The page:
Last, I mentioned our eMagazines product above. We use EBSCO’s Flipster product, and we love it! It is completely easy to use, and we rarely have to do any tech support with our patrons on it. It is mostly popular titles at this point: Newsweek, US Weekly, Cosmopolitan, Road and Track, Self, and the like. They are mostly duplicates of titles we also receive in print, although that is not always the case. I sometimes cancel titles in print and move it to the electronic version via Flipster if it gets better use there. There are some titles that rarely get used or checked out in print, but have a great usage rate in Flipster. I keep monthly statistics on usage, such as how many titles were accessed at all, which titles were accessed, and which titles got no use through the Flipster system. Again, those titles are renewed once a year and I make a few changes here and there as needed, based on the data gathered each month throughout the year.

I’m very lucky to have a Circulation Clerk who handles all the actual ordering, claiming of missed issues, invoices, etc. I mainly handle the selection end of things and she takes it from there. The Adopt-a-Magazine letters are managed by her as well. In other words, she is the brains of the operation and I get the fun part. All due credit goes to my Serials Angel in Circulation!

It can be a tricky collection, with changing titles, publishers, publication cycles, and titles constantly moving to “digital only” format or ceasing to publish altogether. They’re still pretty popular in our library, though, with an annual circulation of 6808 in 2017 (down from 7666 in 2016). For context, we are a single-branch library that serves about 30,000 people. Collections with similar use are Adult New BluRays at 6,386 in 2017, Teen Manga at 6,763 in 2017, and Video games at 6,341 in 2017.

How does your library handle serials? Are they still popular with your patrons?

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3 comments

  1. I would love to have you talk about WEEDING SERIALS.

    How to best do it, how to deal with the volume of discards.

    I went to our basement yesterday (long story why). Budget cuts have very significantly reduced our current subscription list, but I don’t think we have ever thrown any magazine/journal/periodical away. Ever.

    1. Michael, I’d just roll up my sleeves and start recycling. Pick a shelf/box for this week and empty it. Repeat next week. As long as patrons have access to back issues via Gale or EBSCO, it’s safe to clear your stacks. If there are popular titles, you can offer them in the free bin–for a limited time. I inherited magazine stacks at my school library, and noticed how very little these were accessed–just the animal, sports and vehicle ones were in demand for collages. I consulted teachers, circ. records, and our state Gale periodical database as I began to downsize. I recycled National Geographic a decade at a time, again going through for curriculum or collage-worthy issues, which I passed on to teachers. Your community expects you to be a good steward of resources. That means keeping back issues of some titles for some amount of time. A year of “Good Housekeeping”? Six months of Time”? Many years of state glossies like “Vermont Life”? However, periodicals are consumables, and many are available in digital format. So no need to hoard–I mean “preserve” them! If you are worried about public reaction, do a few batches at a time starting with the oldest. Meanwhile, don’t keep current periodicals longer than a subscription year.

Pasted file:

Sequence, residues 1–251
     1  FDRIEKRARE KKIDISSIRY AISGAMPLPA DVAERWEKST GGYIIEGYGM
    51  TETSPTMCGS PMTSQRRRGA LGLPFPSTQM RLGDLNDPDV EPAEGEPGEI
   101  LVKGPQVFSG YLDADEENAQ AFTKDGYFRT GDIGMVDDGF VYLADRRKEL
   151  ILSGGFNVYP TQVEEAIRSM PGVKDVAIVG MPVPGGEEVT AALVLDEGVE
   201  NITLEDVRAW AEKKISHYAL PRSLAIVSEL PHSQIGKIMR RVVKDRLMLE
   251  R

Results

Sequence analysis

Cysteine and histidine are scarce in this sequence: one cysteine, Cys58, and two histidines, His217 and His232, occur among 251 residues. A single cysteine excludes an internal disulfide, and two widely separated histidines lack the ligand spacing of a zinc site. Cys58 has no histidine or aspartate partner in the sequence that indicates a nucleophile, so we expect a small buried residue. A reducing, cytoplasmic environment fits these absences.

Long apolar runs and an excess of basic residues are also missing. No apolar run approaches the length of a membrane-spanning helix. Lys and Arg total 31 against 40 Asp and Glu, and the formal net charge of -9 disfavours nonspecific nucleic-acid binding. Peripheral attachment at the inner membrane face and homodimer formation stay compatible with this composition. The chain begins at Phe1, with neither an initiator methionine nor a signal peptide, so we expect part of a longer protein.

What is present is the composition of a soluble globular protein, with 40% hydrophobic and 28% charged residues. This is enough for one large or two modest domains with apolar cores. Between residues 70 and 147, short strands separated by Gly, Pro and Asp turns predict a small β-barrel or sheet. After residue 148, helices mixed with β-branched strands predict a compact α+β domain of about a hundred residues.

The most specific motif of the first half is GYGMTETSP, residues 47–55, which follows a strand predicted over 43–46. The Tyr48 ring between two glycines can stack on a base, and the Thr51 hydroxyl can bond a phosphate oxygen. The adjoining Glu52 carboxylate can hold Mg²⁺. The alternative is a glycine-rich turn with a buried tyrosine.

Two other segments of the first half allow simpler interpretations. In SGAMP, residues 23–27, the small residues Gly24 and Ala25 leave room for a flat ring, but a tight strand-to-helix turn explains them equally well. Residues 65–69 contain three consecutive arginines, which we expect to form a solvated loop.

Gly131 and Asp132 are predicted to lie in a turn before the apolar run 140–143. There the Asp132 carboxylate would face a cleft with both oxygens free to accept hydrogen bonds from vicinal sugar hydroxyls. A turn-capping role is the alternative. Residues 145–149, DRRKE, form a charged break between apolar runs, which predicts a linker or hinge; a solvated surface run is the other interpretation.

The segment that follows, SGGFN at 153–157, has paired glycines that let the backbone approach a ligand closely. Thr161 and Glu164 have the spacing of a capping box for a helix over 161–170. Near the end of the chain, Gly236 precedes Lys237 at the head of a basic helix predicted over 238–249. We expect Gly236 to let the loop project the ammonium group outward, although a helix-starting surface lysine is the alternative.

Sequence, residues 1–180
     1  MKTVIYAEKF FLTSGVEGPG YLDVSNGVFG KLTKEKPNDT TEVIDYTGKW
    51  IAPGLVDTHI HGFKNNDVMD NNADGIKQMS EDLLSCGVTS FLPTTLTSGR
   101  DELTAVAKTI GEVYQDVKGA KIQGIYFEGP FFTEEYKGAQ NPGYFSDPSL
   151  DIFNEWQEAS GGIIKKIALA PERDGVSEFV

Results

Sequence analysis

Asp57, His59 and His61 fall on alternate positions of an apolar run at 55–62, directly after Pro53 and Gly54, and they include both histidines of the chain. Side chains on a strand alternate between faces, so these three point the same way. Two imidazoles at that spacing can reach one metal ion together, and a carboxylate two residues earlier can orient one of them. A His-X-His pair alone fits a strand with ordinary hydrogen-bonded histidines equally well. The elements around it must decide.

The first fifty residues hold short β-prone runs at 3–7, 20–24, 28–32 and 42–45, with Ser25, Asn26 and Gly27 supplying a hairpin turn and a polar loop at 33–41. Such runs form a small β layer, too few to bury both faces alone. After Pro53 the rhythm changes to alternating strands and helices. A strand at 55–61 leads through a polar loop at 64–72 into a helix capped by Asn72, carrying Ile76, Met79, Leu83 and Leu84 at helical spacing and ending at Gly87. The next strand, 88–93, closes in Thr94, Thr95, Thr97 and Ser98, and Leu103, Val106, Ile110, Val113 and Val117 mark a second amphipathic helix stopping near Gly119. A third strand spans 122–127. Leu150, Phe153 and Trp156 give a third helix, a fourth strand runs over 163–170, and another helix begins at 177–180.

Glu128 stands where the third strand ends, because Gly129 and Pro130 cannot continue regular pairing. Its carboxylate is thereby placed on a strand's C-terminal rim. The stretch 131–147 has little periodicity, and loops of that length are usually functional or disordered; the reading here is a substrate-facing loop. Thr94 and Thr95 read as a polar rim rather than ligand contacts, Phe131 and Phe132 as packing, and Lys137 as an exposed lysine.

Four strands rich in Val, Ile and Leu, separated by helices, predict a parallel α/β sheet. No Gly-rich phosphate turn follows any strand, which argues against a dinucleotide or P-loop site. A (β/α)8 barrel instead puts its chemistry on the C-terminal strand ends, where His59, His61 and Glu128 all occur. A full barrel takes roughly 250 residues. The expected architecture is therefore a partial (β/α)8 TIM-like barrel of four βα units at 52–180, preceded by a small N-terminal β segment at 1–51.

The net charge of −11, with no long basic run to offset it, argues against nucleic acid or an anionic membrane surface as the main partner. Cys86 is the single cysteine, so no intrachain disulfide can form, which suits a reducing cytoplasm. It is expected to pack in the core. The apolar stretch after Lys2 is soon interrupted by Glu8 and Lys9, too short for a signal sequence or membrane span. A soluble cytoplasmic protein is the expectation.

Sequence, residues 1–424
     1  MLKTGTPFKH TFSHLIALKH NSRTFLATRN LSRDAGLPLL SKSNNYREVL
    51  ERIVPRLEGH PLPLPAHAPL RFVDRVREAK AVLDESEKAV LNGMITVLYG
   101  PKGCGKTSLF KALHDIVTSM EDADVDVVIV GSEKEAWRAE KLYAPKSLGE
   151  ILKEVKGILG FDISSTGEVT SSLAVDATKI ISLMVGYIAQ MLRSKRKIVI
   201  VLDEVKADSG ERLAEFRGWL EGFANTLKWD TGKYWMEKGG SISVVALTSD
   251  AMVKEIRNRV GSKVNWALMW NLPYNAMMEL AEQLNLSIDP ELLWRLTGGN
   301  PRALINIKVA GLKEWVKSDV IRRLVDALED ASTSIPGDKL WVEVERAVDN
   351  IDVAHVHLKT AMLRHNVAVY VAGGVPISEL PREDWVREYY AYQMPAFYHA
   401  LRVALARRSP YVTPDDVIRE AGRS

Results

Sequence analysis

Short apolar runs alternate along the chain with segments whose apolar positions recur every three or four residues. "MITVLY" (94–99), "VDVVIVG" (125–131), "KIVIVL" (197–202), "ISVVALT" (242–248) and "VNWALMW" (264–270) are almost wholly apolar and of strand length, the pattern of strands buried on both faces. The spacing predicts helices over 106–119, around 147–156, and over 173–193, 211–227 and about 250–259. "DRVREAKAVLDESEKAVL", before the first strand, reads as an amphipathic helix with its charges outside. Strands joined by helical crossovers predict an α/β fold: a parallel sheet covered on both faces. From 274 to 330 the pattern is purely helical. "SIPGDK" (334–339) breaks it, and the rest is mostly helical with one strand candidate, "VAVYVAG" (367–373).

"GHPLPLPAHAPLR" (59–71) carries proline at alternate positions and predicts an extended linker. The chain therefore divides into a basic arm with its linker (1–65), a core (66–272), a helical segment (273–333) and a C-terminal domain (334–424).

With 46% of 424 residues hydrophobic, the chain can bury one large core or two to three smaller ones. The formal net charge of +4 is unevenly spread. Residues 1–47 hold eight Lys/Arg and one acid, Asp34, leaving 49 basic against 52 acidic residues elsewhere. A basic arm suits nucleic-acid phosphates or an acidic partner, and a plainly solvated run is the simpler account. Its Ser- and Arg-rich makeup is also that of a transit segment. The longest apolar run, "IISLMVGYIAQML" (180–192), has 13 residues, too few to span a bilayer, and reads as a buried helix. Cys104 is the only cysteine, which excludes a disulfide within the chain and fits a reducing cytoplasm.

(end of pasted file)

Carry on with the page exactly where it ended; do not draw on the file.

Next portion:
2. Serials are popular at our branch but because of the limited circulation period and the transient nature of our patrons they don’t get checked out very often. We also do our best to mark the ones that get left on the tables and such with an in-house check in.

    Our titles are cover a decent selection from things like People to Taste of Home to ESPN magazine. We try to weed twice a year, keeping within the guide lines in the catalogue.

    I’m not sure if anyone else has run into this but our magazines like to walk out of the library a lot. For whatever reason some patrons don’t think they are tagged and catalogued like the books and DVDs. Always a little shock for some when they set off the security gates.